So you’ve caught the contracting bug, but you’ve heard the horror stories about long hours, low pay and stacks of admin work.
Whilst this can sometimes be the case in other professions, contracting and temporary work continues to be a popular choice for many in the games industry. Studios will often need to hire a contractor with specific skills or knowledge to carry out part of a project, so contractors can be an effective addition to a studio – even if it’s just on a temporary basis.
Of course, there’s both pros and cons to taking up contract work. Whilst it doesn’t always come with the safety net of steady pay and hours, this doesn’t mean it’s low paid. As a contractor, you can expect to earn 20 to 25 per cent more than your permanent peers. In the games industry, if you’re really skilled at what you do, you certainly won’t be short of contract offers.
A common misconception that can put people off short-term work is the worry that you won’t be able to develop your skills and will just be left to do the boring stuff. However, the best thing about working in the games industry is the vast amount of variety available at your fingertips.
Contracting gives you the chance to work on multiple different projects and genres, giving you an invaluable insight into different working environments and techniques. It might be that working in various studios helps you discover your hidden talent or dream job that you’d never considered before.
As well as giving you the freedom to dip your toes into different studios and projects, contract work gives you the flexibility to choose how much time you take off in-between contracts, which could lead to a significantly improved work-life balance.
Okay, so we’ve managed to sway you over to the contracting side, but how can you maximise your chance of employability?
Get yourself out there
It may sound cliché, but particularly as a freelancer or contractor, you’ll need to get noticed. Get yourself on social media like LinkedIn and set it up as your business page and CV with a link to your portfolio.
Networking is essential on both social media and in person. Connect with studios, recruiters and other freelances to begin building up your network. That way, once something crops up in your area of expertise, they’ll know who to get in touch with. But don’t just stick to online networking – get yourself to relevant events in the industry and start chatting. You’re more likely to make a lasting impression when employers can put a face to name.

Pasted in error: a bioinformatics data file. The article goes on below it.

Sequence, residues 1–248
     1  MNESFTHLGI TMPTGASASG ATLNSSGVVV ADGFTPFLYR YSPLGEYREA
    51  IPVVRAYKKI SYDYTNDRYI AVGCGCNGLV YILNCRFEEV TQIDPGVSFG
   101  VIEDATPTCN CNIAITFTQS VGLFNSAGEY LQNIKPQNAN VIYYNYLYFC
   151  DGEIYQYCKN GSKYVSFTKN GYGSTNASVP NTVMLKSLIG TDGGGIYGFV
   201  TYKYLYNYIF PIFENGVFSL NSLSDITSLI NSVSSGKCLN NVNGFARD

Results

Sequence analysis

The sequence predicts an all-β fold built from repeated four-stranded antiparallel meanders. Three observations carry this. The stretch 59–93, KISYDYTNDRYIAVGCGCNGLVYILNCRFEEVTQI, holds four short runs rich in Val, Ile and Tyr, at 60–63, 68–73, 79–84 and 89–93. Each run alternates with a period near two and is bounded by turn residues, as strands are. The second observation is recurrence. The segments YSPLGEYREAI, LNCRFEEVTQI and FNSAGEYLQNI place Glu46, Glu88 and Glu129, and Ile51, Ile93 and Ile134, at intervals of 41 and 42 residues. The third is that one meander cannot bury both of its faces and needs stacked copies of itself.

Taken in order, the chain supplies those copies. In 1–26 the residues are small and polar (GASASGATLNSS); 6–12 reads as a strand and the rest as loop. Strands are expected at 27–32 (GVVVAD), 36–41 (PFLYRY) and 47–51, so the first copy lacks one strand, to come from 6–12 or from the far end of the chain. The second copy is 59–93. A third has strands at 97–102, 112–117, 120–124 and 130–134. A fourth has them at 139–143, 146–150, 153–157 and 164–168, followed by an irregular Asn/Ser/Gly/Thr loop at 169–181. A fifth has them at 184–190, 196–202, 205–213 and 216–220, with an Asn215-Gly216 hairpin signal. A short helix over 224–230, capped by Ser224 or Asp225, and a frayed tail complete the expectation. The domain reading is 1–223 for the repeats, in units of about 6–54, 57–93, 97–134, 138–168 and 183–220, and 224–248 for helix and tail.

Find your forté
Studios will often be looking for someone with certain knowledge or skills, rather than someone who learns on the job. The best way to prepare for this is to spend time gaining experience and finding your speciality. Once you’ve established what it is you excel in, you can work on honing this in as your area of expertise. This way, once a role comes up that requires your skill, you’ll have the contract in the bag.
Make your portfolio the best that it can be
When getting a job in games, your portfolio is your best chance of showcasing your personality and skills. It’s essential that your profile is interesting; demonstrating your strongest skills and best work. If you provide potential employers with a portfolio, this allows them to judge where your skills will fit in at their company.
Ask for feedback
Whenever you come to the end of a contract, make sure you get feedback and references for your work. If you’ve done a great job, then future employers need to hear about this.
Definitely an essential for contract work. Employers will expect you to be flexible and responsive in your work. Sometimes you may have to compromise on something, whether it’s the number of hours you set out to work or how you decide to approach a project. Always be open-minded about new ideas and ways of working, as the beauty of contract work is that it’s not forever! Take the chance to dabble in something new and out of your comfort zone.
So contracting can be a perfect way of channelling your skills and passions into a variety of different projects. Whilst it can be daunting to throw yourself into a more unstable position, contract work certainly has its benefits.